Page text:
The only entry in our One Day at a Time in Al-Anon (ODAT) book that deals with forgiveness says that we can only forgive ourselves for judging someone in the first place.
So I looked in the ODAT:
We are asked to forgive those who have injured us. Unless we have first judged and condemned them for what they did, there would be no reason for us to forgive them. Rather, we would have to forgive ourselves for judging.
I hadn't come at it from that angle, but had arrived at much the same place from a different direction. Anytime I've tried actively to forgive someone, the results would be temporary. Eventually, the resentment would return and continue to poison my life.
I had read somewhere else that forgiveness is not something we do for someone else. There's every chance that whoever harmed us doesn't give a rat's ass whether we forgive them or not. In some cases they may not even remember we exist. Forgiveness is something we do for ourselves, to unshackle ourselves from the pain of the past.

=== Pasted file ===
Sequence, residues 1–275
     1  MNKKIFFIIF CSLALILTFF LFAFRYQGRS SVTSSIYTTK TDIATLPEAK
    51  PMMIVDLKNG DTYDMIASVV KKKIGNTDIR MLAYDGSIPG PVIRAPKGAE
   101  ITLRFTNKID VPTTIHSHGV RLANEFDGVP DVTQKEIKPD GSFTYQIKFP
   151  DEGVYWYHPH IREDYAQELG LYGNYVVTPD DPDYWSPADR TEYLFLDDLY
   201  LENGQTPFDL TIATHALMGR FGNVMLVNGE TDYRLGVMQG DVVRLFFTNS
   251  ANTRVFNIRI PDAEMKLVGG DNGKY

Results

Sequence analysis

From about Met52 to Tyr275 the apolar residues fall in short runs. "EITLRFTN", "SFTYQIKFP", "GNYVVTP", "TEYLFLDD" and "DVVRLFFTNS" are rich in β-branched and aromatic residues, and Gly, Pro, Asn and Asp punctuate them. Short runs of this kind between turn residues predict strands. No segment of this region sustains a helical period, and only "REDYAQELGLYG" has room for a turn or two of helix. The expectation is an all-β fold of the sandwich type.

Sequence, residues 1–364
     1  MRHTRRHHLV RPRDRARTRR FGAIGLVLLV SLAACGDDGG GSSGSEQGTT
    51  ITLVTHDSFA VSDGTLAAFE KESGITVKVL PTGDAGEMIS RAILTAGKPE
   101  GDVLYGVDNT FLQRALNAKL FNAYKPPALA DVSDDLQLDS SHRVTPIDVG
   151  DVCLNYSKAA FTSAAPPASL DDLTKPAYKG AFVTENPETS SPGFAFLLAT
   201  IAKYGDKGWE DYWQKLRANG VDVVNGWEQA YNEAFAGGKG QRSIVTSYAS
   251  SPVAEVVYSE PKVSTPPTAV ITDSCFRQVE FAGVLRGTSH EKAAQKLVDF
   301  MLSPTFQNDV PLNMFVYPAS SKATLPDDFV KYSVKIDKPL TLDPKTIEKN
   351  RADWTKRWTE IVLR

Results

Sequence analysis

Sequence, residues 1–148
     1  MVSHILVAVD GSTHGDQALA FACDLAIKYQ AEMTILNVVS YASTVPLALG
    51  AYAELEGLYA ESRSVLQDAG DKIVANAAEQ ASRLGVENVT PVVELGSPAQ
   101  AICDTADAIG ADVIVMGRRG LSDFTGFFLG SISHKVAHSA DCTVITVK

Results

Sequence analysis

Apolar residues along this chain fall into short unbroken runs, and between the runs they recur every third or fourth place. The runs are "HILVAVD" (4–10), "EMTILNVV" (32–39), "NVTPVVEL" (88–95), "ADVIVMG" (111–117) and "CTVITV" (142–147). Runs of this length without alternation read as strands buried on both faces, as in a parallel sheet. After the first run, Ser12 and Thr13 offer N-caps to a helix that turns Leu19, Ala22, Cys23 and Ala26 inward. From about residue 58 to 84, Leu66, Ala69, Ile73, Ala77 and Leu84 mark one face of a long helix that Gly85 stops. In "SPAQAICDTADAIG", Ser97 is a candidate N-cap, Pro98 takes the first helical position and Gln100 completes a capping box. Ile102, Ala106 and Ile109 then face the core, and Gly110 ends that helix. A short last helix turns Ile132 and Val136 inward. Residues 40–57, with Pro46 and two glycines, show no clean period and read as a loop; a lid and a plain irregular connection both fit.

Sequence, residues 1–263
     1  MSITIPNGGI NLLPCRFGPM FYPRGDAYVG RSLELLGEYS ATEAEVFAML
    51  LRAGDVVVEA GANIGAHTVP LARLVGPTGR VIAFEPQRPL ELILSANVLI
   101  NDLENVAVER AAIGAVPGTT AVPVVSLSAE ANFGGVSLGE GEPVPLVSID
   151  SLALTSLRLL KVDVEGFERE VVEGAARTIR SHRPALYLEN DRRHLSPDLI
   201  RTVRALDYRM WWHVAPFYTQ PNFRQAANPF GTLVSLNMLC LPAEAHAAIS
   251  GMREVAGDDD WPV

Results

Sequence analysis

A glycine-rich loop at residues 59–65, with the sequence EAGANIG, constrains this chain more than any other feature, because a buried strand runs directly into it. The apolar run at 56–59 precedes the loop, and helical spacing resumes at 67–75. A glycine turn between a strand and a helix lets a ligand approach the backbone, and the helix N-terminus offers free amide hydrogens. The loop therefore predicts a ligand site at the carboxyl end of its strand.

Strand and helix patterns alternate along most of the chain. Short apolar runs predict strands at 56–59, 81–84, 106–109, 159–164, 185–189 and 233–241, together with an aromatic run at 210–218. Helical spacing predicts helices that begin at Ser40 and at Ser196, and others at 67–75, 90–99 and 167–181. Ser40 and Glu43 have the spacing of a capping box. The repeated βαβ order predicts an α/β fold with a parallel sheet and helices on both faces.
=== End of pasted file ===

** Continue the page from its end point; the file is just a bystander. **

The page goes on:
So how do I do forgiveness for myself then? The answer is, I don't. It just comes when things in my life are healing. Forgiveness is more something I accept than enact, when I reach a realization that I don't have to feel a particular way anymore. When resentments melt, forgiveness happens. Or maybe that's a matter of semantics. Maybe letting go of resentments is forgiving. But I can't just up and let go of a resentment. There's a whole process there of understanding them for what they are, revising my judgments, and loving myself through whatever it was.
The first step, as always, seems to be acceptance.